"Dawn is the best time, especially at this time of the year. If you can get in at 07:30 - that's the whole North Sea thing. It's elemental, it's dark, it's not fashionable is it?"
Quiet and thoughtful, Sandy grew up yards from the beach. Committed and now riding professionally, he is, in the words of local surfer and photographer Lewis Arnold, one of the most interesting surfers to come through in years.
"My mum and dad had a cafe on the beach. It was a greasy spoon really, not like it is now. So I've always been on the beach. I grew up in an old lifeboat worker's house in Tynemouth. It's largely as it was, open fires in all the rooms.
It looks out over Tynemouth Priory and the mouth of the river Tyne. From the beach, I'd notice the surfers.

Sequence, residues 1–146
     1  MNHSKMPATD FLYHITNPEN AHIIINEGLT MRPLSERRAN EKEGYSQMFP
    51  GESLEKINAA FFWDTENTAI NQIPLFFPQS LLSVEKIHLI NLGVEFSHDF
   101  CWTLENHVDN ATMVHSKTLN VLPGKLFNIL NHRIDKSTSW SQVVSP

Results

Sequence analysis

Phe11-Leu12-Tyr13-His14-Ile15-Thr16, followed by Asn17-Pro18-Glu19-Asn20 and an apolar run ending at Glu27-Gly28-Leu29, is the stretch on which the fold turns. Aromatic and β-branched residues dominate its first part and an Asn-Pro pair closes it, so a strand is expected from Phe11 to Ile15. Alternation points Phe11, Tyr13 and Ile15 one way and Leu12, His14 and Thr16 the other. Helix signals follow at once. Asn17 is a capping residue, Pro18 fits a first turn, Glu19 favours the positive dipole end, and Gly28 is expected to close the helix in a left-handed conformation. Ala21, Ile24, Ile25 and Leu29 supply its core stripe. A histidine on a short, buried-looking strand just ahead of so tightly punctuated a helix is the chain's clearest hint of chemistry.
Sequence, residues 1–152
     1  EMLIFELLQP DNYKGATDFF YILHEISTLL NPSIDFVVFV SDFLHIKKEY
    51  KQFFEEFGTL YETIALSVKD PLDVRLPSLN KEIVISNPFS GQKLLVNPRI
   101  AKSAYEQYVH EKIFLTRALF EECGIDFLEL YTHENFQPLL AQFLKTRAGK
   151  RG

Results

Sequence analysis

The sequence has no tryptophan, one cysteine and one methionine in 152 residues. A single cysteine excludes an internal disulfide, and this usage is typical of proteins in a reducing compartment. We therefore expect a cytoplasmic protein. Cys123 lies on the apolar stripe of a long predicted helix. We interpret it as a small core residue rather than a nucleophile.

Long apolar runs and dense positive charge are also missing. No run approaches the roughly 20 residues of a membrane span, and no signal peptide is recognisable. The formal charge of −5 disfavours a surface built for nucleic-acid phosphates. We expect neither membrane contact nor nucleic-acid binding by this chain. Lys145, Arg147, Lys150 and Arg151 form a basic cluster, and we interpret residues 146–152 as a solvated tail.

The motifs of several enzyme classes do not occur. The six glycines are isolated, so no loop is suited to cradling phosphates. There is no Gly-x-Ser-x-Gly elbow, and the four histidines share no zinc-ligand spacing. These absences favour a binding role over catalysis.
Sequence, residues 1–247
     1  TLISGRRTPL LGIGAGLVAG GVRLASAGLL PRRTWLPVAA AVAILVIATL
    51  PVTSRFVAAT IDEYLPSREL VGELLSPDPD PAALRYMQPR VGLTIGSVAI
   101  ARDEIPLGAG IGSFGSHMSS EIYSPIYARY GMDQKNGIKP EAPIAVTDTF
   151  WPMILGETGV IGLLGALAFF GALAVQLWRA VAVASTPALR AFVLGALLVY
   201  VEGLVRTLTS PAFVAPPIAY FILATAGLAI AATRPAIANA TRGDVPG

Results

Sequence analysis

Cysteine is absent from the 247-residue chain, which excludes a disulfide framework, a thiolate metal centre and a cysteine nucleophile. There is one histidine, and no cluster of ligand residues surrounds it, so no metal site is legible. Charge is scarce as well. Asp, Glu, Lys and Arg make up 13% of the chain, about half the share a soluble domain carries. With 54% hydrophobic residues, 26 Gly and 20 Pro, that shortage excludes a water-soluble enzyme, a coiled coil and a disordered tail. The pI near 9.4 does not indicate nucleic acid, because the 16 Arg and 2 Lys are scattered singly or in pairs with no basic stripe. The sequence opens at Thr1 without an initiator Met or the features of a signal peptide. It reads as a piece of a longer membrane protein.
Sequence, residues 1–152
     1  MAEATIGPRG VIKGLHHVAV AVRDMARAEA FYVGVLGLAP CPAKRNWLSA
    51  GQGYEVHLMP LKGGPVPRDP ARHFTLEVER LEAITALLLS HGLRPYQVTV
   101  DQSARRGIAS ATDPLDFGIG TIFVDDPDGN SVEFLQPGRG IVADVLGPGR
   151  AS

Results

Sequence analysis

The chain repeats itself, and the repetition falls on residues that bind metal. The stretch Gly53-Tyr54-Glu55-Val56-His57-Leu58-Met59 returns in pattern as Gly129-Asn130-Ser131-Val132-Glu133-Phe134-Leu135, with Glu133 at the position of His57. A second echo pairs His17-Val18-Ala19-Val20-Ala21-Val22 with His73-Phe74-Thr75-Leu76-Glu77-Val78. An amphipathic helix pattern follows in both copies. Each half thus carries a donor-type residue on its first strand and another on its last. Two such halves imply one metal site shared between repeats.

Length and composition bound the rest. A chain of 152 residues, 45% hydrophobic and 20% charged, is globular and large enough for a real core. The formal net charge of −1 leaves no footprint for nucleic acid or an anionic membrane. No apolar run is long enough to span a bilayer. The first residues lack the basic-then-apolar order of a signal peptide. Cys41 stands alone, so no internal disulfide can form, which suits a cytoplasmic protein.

"In the North East, we have to be patient and watch the weather all the time. We are always talking to one another about where and when we should surf. I've lost track of the number of WhatsApp groups I'm in.
"We have the best waves here but they are infrequent so we have to make hay whilst the sun shines. When I go away from here, to places where they have surf every day, I always tire myself out in the first few days - I see the waves and I immediately want to make the most of them.
"As it's unpredictable here, we have to find ways to make it work. We take jobs that are as flexible as possible. Many times I've felt I had to get in the water so I just say the car broke down and that's why I'm late. Once I tried to dry my hair on the heater in the car so it didn't look like I'd been in the water."
On the beach heading out to sea, it's the beginning of January and Mykaela has a smile on her face.